Friday, July 13, 2012

Why should my child be seen by an orthodontist by age 7?

Standards of care in orthodontics continue to change and improve, in the same manner as any other form of medical care.  While years ago children would not be seen by an orthodontist until they lost all baby teeth, today we know better.  We know that an early assessment of your child’s teeth and jaw can make a big difference in the quality of her smile.
The American Association of Orthodontics recommends that all children be evaluated by an orthodontist by age seven. By this age, most children have all four of the six-year molars and all four central incisors in place.  The orthodontist can then identify any likely orthodontic problems and counsel the parents on when, if any, treatment should begin. 
At this age the orthodontist can see how much space will be available for the teeth and whether or not the child’s teeth will come in correctly.  Overcrowded teeth may force later-appearing teeth to come out on top of or below the gum line.   Crowding in the back is not easily seen without an x-ray.  If there are anticipated spacing problems, addressing them at an early age can ensure that there will be adequate room for remaining permanent teeth to grow in correctly.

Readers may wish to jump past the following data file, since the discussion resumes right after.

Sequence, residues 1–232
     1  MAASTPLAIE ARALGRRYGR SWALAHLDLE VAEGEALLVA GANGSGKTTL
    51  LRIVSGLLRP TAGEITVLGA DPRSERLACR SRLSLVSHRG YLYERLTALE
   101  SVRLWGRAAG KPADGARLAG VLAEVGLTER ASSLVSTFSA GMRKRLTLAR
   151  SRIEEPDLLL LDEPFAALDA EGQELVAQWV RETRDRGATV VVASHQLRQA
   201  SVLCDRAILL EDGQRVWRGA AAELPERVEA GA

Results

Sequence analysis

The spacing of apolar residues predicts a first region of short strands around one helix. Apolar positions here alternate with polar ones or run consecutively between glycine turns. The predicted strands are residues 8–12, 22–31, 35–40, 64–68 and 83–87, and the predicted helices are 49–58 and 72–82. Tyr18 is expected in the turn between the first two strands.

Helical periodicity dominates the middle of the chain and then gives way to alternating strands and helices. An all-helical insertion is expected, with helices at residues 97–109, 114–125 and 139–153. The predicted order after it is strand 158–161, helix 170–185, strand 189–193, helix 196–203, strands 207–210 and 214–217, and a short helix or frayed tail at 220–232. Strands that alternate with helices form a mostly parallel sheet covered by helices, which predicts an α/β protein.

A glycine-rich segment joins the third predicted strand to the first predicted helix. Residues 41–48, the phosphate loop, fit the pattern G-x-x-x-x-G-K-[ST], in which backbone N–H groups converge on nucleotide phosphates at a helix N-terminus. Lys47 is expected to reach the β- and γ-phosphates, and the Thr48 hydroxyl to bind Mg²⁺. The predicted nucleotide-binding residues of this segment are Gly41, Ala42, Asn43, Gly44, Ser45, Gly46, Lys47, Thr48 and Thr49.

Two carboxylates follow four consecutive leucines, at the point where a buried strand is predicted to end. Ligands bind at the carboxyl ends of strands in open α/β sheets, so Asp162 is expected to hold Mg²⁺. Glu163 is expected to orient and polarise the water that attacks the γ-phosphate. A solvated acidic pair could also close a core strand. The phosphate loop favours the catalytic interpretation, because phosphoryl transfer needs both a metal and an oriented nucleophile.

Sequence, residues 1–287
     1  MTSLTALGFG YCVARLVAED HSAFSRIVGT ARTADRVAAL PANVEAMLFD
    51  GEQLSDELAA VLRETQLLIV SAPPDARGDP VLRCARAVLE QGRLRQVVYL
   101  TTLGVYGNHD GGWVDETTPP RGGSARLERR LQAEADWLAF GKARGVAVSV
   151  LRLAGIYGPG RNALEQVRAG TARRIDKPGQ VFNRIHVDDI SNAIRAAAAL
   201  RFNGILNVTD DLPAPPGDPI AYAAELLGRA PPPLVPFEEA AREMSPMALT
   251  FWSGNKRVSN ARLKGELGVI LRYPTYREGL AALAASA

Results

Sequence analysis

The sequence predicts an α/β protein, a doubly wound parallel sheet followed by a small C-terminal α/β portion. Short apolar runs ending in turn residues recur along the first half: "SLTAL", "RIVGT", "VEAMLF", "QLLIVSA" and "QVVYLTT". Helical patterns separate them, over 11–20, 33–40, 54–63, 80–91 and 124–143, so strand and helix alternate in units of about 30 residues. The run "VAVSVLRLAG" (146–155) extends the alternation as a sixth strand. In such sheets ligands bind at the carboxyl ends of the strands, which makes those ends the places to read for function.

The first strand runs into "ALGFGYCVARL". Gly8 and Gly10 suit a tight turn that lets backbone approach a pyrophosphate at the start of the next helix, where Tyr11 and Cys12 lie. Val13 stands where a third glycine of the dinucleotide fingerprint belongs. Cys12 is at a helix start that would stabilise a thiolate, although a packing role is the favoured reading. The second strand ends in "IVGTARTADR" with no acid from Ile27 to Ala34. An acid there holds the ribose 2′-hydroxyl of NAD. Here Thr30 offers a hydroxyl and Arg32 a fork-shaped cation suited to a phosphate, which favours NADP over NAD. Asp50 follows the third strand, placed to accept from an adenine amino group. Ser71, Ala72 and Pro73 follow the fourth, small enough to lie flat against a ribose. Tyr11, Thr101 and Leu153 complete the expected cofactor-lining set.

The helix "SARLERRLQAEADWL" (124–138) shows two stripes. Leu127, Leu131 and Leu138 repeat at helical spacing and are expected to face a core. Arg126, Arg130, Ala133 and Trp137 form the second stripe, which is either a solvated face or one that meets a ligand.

The early treatment does not ensure that the child will not need braces later on.  Early treatment is often referred to as two-phase treatment because most children (more than 90%) who have early treatment need further orthodontic treatment when the remaining permanent teeth are in place.  A younger child whose teeth are under treatment may be spared the physical and social challenges that result when their teeth are poorly aligned or protrude from abnormal locations in the mouth.   And treating at an early stage almost always means that the second phase of treatment – during the awkward years of adolescence – is easier and faster.